Bombs rip through Iraq on 10th anniversary of US invasion

posted at 10:01 am on March 19, 2013 by Ed Morrissey

Today is the 10th anniversary of the second US invasion of Iraq, which deposed Saddam Hussein and created years of division and controversy in the US.  Terrorists marked the occasion with a series of bombings that killed at least 56 Iraqis in Baghdad, aimed mainly at Shi’ites:

Insurgents unleashed deadly attacks Tuesday against Shiite areas in Baghdad, killing at least 56 people and wounding some 200 more, according to officials. The blasts highlight increasing sectarian tensions in Iraq a decade after the U.S.-led war began.

The morning attacks, mostly by car bombs, targeted mainly small restaurants, daily laborers and bus stops in the Iraqi capital within a one-hour period.

There was no immediate claim of responsibility, but the attacks bore hallmarks of al Qaeda in Iraq.

The deadly wave of bombings came as the country marked a decade since the U.S.-led war began with the March 19, 2003 invasion. Violence has ebbed but insurgent attacks are still frequent across Iraq.

According to Reuters, this appears to be part of a consistent al-Qaeda campaign to “take back” Iraq after the departure of American combat forces:

No group claimed responsibility for Tuesday’s blasts, but Iraq’s al Qaeda wing, Islamic State of Iraq, has vowed to take back ground lost in its long war with American troops. Since the start of the year the group has carried out a string of high-profile attacks.

Gunmen and suicide bombers stormed the well-protected Justice Ministry building in central Baghdad on Thursday, killing 25 people in an attack by the al Qaeda affiliate.

A decade after U.S. and Western troops swept into Iraq to remove Saddam from power, Iraq still struggles with a stubborn insurgency, sectarian frictions and political instability among its Shi’ite, Sunni and Kurdish factions.

Syria’s civil war is further fanning Iraq’s volatility as Islamist insurgents invigorated by the mainly Sunni rebellion against Syrian President Bashar al-Assad try to tap into Sunni Muslim discontent in Iraq.

The problem, then, wasn’t really the presence of American troops.  It was the presence of al-Qaeda, which continues to be the issue.  As Western nations prepare to lift restrictions on selling arms to Syrian rebels, the influx of arms aimed at toppling Bashar Assad might end up undermining the democratic government in Baghdad.  That’s something to keep in mind when dumping weapons and support into yet another Arab Spring moment without having boots on the ground to control the outcome.

Regardless of whether the invasion of Iraq was a good idea or not, the continuing occupation by the international coalition and then partnership with the US and the new republic of Iraq at least prevented the nation from becoming a failed state run by terrorists and radicals.  The same cannot be said of Libya after the remote-control decapitation of the Qaddafi regime.  Allowing the same result in Syria would be a mistake that the West will regret for decades to come.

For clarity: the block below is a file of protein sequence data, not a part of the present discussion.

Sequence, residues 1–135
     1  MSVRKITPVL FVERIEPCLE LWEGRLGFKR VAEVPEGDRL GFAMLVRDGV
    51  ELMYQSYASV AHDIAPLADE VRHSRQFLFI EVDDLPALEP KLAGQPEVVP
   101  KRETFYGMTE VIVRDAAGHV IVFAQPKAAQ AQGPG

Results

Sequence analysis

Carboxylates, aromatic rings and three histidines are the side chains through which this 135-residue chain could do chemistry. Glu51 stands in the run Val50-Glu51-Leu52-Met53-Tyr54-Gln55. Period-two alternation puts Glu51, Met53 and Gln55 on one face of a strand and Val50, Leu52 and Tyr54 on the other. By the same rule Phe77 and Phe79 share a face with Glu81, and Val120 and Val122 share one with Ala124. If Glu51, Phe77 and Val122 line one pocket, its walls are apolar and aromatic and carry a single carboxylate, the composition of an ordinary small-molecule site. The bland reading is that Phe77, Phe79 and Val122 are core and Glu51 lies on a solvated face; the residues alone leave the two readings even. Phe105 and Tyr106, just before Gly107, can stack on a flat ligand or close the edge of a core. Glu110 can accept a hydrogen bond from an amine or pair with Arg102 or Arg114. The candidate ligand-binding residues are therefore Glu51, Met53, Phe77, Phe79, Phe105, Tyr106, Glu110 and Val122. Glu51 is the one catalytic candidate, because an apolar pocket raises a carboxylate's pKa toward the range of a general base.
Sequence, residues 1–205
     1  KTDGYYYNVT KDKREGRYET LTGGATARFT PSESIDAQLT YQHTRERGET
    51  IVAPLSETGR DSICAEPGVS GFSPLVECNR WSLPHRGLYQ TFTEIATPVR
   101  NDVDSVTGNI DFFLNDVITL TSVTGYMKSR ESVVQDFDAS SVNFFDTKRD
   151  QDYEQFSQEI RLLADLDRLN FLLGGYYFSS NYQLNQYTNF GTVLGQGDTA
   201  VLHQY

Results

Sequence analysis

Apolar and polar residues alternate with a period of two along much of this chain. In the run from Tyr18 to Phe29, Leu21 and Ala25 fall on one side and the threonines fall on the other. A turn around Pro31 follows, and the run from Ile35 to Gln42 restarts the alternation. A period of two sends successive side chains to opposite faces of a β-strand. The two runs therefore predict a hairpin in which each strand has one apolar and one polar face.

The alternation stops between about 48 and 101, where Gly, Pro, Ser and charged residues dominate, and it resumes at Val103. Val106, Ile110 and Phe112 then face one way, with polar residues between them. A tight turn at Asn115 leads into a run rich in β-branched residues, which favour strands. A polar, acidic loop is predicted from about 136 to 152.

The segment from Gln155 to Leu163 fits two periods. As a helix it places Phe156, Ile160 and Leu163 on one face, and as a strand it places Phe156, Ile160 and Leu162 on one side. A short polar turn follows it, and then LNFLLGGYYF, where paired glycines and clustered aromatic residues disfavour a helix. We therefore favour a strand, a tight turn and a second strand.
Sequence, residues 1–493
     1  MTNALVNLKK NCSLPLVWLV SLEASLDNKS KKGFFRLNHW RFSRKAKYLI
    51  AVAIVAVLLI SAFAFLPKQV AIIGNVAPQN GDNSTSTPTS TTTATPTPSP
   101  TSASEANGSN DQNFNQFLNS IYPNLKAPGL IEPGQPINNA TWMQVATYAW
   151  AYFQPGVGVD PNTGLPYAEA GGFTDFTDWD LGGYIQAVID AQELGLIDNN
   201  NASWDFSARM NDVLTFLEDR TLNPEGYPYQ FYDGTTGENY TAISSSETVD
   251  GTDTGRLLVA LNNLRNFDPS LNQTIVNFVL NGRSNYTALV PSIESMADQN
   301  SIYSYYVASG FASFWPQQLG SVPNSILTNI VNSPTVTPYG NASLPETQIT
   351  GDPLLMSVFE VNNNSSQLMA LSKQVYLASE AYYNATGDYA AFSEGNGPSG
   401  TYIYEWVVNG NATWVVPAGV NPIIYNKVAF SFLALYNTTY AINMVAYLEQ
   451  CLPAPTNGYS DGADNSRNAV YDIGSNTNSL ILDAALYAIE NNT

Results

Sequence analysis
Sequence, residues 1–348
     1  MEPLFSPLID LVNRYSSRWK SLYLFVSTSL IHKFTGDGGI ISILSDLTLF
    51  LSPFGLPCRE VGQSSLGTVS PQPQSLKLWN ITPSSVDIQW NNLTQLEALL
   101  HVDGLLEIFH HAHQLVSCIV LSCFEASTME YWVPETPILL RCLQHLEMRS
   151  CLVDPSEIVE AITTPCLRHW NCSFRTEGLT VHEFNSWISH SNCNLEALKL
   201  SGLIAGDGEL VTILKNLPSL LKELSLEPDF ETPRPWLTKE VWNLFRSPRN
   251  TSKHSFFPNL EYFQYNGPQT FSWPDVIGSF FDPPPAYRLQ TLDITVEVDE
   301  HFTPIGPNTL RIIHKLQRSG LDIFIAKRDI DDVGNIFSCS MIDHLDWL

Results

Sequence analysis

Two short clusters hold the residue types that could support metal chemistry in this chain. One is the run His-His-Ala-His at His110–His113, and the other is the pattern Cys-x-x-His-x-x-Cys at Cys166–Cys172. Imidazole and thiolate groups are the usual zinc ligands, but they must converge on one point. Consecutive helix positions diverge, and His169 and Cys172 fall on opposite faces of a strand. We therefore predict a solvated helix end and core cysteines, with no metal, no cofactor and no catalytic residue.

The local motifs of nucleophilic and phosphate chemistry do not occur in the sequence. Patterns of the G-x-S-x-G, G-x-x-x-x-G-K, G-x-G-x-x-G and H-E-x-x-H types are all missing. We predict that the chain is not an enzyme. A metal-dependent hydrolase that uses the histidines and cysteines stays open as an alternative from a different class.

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Iraq…
I thought we exited in a responsible manner..

/

Electrongod on March 19, 2013 at 10:07 AM

mohammedianism

tom daschle concerned on March 19, 2013 at 10:09 AM

Iraqis killing other Iraqis without us guarding or subsidizing the mess. What’s not to like?

Archivarix on March 19, 2013 at 10:09 AM

Smart powah!

hillsoftx on March 19, 2013 at 10:11 AM

Bush’s fault!!!!!!
-lsm

cmsinaz on March 19, 2013 at 10:17 AM

Death and destruction from the sand. Go figure. Maybe in another five thousand years they’ll figure out why and pave a road or put in a Baskin-Robbins or something.

Limerick on March 19, 2013 at 10:19 AM

Shia vs. Sunni?
More popcorn, please.

rbj on March 19, 2013 at 10:21 AM

Wow, it’s been a decade. All politics aside, it was a crazy moment crossing into iraq from northern Kuwait. Marine artillery pounded targets for 20 minutes – you could see the flashes as the 100 lbs shells exploded on the various objectives. Once it stopped we rolled through the breach in our AAVs (Amphibious Assault Vehicles) not knowing what to really expect. We’d been wearing our NBC (chem warfare suits) for a couple days thinking Saddam actually had WMDs and were going to use them. The next three weeks were crazy, something out of a movie and when we rolled into the northern section of Baghdad it got even crazier.